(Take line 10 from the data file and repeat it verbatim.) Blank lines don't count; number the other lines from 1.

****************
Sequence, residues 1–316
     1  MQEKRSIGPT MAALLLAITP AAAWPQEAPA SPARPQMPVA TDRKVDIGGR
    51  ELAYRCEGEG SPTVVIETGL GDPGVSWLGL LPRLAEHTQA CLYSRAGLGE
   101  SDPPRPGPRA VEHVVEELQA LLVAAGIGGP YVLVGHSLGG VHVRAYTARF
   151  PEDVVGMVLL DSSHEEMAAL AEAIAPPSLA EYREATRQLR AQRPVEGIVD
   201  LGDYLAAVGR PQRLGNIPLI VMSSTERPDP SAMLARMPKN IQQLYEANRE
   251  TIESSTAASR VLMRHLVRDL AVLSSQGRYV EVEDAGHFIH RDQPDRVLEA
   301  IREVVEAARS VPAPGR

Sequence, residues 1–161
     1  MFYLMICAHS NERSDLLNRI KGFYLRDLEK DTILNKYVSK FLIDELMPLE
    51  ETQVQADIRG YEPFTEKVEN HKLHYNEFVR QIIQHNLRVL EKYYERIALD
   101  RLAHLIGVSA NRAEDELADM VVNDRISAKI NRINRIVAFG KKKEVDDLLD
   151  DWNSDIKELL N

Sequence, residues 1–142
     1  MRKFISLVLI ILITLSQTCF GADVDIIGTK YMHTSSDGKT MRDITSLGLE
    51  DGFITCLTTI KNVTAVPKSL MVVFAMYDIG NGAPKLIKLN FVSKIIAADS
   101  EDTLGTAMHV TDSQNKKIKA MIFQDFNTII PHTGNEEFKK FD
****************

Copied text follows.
     1  MFYLMICAHS NERSDLLNRI KGFYLRDLEK DTILNKYVSK FLIDELMPLE